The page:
Alberta's Newborn Metabolic Screening Program - Maya's story

July 5, 2021

National Philanthropy Day

Maya Butland, age 2

Maya’s third birthday is just around the corner and her mom, Faaria Butland is planning the cake, the activities and presents, but in the flurry of all the planning, Faaria’s excited voice suddenly quiets.

“Birthdays are always so special for us and we have fun planning and getting things ready, but it’s also a time of reflection,” says Faaria. “Maya’s first two months of life is a time when our family embarked on a journey we continue to travel and will keep taking it one day at a time.”

At just eight weeks old, Maya was diagnosed with Galactosemia, a genetic disorder that impairs the body’s ability to process and produce energy from a sugar called galactose and can be the result of an enzyme deficiency. Her complications included failure to thrive, cataracts which required eye surgery, in addition to a liver biopsy at just seven weeks old.

Maya has had to overcome many obstacles and her mom says it is a miracle she is where she is today.

“She is on track developmentally, growing well and healthy,” says Faaria. “She already knows at three years old to ask if new foods are ‘Maya’ safe.”

While Maya is now thriving, early diagnosis and treatment with Alberta’s Newborn Metabolic Screening program, run by Alberta Precision Laboratories, could have prevented all of this. But at the time of Maya’s birth, galactosemia had not yet been added to the list of conditions to screen for. Because of Maya’s diagnosis, galactosemia is now included on the list of 21 conditions, preventing so many babies from having to experience what Maya went through.

Early detection through taking a baby’s blood sample by a quick poke of a baby’s heel can allow healthcare providers the ability to diagnose and treat for conditions like this before the condition progresses and worsens.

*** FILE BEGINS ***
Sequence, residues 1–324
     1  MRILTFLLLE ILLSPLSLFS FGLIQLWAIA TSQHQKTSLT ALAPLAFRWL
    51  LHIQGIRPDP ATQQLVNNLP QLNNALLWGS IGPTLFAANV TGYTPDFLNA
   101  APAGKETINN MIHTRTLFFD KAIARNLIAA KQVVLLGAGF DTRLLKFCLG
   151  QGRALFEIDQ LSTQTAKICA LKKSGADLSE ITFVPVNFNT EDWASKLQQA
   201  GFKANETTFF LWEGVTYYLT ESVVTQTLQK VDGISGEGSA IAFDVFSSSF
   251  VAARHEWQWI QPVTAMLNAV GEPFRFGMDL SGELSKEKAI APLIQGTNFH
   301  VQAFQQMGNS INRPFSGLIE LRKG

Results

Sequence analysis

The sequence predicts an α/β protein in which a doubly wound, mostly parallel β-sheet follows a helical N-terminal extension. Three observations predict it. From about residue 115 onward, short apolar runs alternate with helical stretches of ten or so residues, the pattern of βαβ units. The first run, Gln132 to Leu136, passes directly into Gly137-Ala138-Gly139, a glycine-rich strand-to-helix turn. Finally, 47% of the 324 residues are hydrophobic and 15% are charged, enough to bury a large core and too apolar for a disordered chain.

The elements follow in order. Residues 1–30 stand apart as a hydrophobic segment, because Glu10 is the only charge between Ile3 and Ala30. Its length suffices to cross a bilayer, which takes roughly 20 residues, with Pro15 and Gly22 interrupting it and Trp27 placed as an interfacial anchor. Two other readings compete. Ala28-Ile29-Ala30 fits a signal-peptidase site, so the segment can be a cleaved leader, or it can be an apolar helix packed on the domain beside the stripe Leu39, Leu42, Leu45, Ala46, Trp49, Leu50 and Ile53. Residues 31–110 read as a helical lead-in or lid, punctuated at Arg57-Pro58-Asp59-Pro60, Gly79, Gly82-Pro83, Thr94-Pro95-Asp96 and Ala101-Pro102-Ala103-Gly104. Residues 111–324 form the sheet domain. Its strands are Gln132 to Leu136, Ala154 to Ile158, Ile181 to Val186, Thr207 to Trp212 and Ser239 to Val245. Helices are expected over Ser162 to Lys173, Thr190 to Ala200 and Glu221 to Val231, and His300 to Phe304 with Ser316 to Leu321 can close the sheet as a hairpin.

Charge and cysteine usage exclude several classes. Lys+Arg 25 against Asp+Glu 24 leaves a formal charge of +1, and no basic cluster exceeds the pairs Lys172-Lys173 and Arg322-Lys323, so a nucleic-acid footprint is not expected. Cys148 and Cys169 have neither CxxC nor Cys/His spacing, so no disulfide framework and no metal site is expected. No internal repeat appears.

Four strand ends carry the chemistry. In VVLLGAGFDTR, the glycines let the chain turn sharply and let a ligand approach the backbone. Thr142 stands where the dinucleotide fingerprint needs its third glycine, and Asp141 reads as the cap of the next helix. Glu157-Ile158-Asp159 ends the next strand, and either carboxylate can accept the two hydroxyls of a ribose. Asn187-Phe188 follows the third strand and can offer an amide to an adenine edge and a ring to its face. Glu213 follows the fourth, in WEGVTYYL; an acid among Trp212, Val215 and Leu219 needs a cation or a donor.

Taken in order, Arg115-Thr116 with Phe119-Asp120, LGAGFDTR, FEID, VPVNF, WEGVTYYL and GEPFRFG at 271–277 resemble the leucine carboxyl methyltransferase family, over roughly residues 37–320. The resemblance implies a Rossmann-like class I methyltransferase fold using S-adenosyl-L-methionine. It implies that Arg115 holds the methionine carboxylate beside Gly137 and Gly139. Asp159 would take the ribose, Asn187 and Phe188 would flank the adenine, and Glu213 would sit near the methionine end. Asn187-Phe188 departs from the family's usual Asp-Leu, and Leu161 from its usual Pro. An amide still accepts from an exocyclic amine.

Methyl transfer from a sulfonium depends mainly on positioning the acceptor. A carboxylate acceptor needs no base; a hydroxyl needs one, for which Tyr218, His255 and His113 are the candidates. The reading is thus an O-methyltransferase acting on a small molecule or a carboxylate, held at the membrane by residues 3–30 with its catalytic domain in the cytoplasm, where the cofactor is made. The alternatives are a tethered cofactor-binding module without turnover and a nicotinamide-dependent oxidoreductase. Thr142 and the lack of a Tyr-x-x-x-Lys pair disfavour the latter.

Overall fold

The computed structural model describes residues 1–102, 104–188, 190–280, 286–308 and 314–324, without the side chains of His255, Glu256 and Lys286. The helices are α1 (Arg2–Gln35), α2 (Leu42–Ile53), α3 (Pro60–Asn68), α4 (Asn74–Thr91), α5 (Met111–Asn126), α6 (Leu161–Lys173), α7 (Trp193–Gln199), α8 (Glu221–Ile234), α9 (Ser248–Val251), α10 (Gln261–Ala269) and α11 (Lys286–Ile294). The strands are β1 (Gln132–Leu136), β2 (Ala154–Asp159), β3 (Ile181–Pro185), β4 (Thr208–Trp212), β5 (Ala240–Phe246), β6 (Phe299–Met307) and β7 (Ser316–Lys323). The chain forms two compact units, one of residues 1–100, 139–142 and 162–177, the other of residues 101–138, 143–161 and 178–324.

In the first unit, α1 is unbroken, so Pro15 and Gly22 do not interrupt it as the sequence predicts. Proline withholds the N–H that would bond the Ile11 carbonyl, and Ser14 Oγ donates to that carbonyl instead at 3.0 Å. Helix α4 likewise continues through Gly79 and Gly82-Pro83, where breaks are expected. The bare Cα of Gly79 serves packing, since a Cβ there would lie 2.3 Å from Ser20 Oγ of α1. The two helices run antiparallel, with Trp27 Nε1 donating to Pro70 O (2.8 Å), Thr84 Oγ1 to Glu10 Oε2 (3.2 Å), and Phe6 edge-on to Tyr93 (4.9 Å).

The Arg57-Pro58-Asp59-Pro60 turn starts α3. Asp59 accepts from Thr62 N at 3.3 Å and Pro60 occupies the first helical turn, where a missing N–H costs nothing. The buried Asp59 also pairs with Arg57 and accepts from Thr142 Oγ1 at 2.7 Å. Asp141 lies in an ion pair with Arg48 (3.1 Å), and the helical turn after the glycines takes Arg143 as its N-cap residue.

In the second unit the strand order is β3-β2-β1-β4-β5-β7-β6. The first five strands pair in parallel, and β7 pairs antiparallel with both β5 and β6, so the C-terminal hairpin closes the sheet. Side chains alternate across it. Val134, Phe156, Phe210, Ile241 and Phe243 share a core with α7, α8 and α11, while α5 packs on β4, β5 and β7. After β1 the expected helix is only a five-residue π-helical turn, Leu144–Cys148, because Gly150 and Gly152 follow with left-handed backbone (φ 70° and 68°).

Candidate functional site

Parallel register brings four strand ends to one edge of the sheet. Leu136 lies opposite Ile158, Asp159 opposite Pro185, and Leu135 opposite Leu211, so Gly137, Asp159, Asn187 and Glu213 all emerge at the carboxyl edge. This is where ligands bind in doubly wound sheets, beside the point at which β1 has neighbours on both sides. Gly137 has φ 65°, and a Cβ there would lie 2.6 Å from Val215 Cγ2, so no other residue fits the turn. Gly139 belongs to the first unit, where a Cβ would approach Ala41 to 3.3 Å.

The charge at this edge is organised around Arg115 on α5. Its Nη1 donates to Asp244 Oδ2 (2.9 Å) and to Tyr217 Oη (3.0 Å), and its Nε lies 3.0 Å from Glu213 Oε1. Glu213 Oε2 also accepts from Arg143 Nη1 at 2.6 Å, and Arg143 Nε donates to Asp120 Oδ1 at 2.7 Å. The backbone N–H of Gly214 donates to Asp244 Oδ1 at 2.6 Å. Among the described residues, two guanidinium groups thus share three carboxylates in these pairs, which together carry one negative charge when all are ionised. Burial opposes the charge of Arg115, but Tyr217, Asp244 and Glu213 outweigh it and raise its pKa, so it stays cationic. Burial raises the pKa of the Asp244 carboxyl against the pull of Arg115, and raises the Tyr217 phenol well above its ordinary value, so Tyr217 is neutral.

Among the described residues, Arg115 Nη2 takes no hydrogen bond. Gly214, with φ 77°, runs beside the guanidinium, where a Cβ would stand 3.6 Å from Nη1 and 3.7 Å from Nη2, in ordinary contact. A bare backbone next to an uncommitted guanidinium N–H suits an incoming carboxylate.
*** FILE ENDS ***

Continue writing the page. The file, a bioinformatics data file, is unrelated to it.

The program ensures that all babies born in Alberta receive timely access to effective newborn blood spot screening and to have an initial screen reported on or before the 10th day of age; and informing parents, health professionals and the public about the program.

“Early detection and treatment of screened conditions can make the difference between healthy development and lifelong impairment,” says Dr. Ross Ridsdale, Clinical Scientist, APL Biochemical Genetics with Alberta’s Newborn Screening Program, run by Alberta Precision Laboratories.

“When a patient is diagnosed with Galactosemia, this means immediate and lifelong removal of galactose from the diet, along with calcium supplementation and individualized care. It’s interesting to think that removing one sugar from the diet is the difference between life and death,” adds Dr. Ridsdale.
Without timely screening and intervention, infants with treatable conditions may suffer irreversible health problems and possibly death soon after birth.

In 2019, over 50,000 newborn babies born in Alberta (99%) were screened for 21 conditions. Of the 50,000 infants screened, 289 received an abnormal screen result and were referred for diagnostic testing and 106 of these babies were diagnosed and treated for one of the 21 screened conditions.
In the early part of 2020, 41 infants were screened, diagnosed and treated for potentially fatal conditions. The first cases were blood sickle cell disease. Hematologists have said that newborn screening has transformed the care of these patients. In addition, two other babies’ lives were likely saved after screening positive for the very rare conditions, isovaleric acidemia, and VLCAD, a type of fatty acid oxidation disorder. People with VLCAD can't break down certain types of fat into energy for the body.

Throughout Canada and the rest of the world, new conditions are being added to newborn screening programs as new treatments come available and early detection is of benefit.  New treatments like enzyme replacement therapy, gene and cell therapies are changing the outcomes for genetic diseases. Conditions like Spinal Muscular Atrophy, X-Linked Adrenoleukodystrophy, Pompe disease and others have been adopted by newborn screening programs elsewhere and will be potential screening conditions for Alberta.

Learn more about Newborn Metabolic Screening.